In these times, we are met with many conveniences that most never think twice about, essential services that seem to have always existed but have not, as it is with one of the most important, life saving divisions at the Santa Cruz County Sheriff’s Office, the 911 department. It is hard to believe that the department was created in 1993, with key figures at the time like Sheriff Tony Estrada advocating the utter importance of making these services available to local residents. The planning for the 911 systems began in the late 1980’s, with the equipment being installed in January of 1993. The system was inaugurated on May 5, 1993, becoming available to all residents of Santa Cruz County.
Before its recent move to the new location, the 911 department was due for upgrading but was postponing any changes to coincide with the relocation of the SCC Sheriff’s Office. “All the new equipment was installed at the new facility, so when the move began, we basically brought what we needed, flipped the switch and we were operational,” Communications Supervisor for the Santa Cruz County Sheriff’s Office, Augustin M. Huerta, Jr.
When it comes to technology, the department is using the latest and best equipment available. Sitting in front of each officer are four screens that are responsible for aiding and giving them the tools necessary to perform life saving assistance. One screen is dedicated to coordinates, which has live satellite mapping via Internet that will plot any landline or cell phone call on the map within a 1-1,000 foot range. This screen will also assist deputies on duty in finding the correct coordinates of any emergency. The second screen is dedicated to computer-aided dispatch, which keeps track of reports, traffic stops, all calls and tracks all deputies who are on duty. The third screen is the 911 phone screen, which is the digital connection that can be connected anywhere in the state, an upgrade from the previous analog system. The last screen is the radio screen, which is responsible for receiving radio frequencies from the five county fire departments, three sheriff’s channels, SCC emergency services channel, animal control/public works channel and the Nogales Police and Fire Department channels.
Today, the department is responsible for all in-coming calls in unincorporated Santa Cruz County, which include Rio Rico, Tubac, Patagonia, Tumacacori, Sonoita and Elgin. It is responsible for all the patrol deputies, providing initial dispatch for forest service and relay traffic on I-19 to the Department of Public Safety (DPS), which is the primary law enforcement agency for the interstates and highways. The deputies are dispatched to calls occurring on the highways to preserve life and limb but DPS is ultimately responsible for those calls. The jurisdiction includes I-19 from Nogales city limits up to exit 48 and state routes 82, 83, and 289 to include all unincorporated areas of Santa Cruz County, also aiding all federal agencies such as the U.S. Border Patrol. The officers are also responsible for maintaining and entering warrants and protections orders into the state and national databases that are issued by the Justice of the Peace in precincts one and two as well as the county Superior Court.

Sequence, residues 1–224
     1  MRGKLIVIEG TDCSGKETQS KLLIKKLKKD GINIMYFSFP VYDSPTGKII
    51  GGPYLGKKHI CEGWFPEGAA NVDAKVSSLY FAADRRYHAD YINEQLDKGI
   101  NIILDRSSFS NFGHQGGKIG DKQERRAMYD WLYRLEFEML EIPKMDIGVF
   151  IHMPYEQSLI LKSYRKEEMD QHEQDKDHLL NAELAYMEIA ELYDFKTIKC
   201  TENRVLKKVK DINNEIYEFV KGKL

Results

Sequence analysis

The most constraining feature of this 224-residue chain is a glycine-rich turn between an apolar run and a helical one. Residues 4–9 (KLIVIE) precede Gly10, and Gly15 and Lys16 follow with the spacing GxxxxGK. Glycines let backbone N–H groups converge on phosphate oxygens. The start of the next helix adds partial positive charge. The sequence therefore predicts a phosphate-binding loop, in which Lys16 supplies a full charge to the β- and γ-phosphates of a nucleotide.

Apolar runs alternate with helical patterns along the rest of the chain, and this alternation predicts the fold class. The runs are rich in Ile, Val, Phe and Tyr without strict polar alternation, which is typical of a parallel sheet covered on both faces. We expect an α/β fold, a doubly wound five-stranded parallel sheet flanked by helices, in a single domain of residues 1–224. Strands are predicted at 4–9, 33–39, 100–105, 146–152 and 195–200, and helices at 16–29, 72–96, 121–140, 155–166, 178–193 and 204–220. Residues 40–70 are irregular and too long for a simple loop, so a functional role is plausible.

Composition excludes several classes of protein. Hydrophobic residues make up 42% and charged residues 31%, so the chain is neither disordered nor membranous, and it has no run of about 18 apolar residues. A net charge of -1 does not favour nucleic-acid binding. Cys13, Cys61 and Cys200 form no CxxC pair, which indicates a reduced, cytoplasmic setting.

The 911 department currently has nine officers with one in training. Every officer in the department has to undergo a four-month on the job training and has to complete several phases of training, which are phase one, observation; phase two, call taking; phase three, 911; phase four, radio and a final observation phase. All the officers in the department are CPR certified and are constantly receiving training to update their skills.
“The officers have to be ready to handle long hours and high amounts of stress, not only are they dealing with our officers but also all the fire departments and anything that might come their way,” said Huerta.
The amount of calls is constant but there are times in the year when the numbers of calls increase. “During the wildfire season, around the summer, this place is extremely busy, we are working around the clock,” said Huerta. The officers in the 911 center and the entire sheriff’s office work tirelessly to uphold the law, keep the peace and save lives.
“When we have aided someone through an emergency and they are alive, it makes us extremely proud that we are doing our job, our response times are within one to ten minutes, which is the difference between life and death,” said Huerta. “If you do have an emergency, location is key, be clear to give us your location, the details of the emergency and your name, we cannot stress this enough,” said Huerta.
The Communications Officers in the 911 department are as follows Zaida Ashford, Jorge Hernandez, Ivette Legleu, Sylvia Molera, Dennise Leon, Romina Bermudez, Javier De La Ossa, Augustin Huerta, Arcelia Lopez and Leah Valenzuela.
For more information please visit 2170 N. Congress Dr., Nogales AZ, or call (520) 761-7869.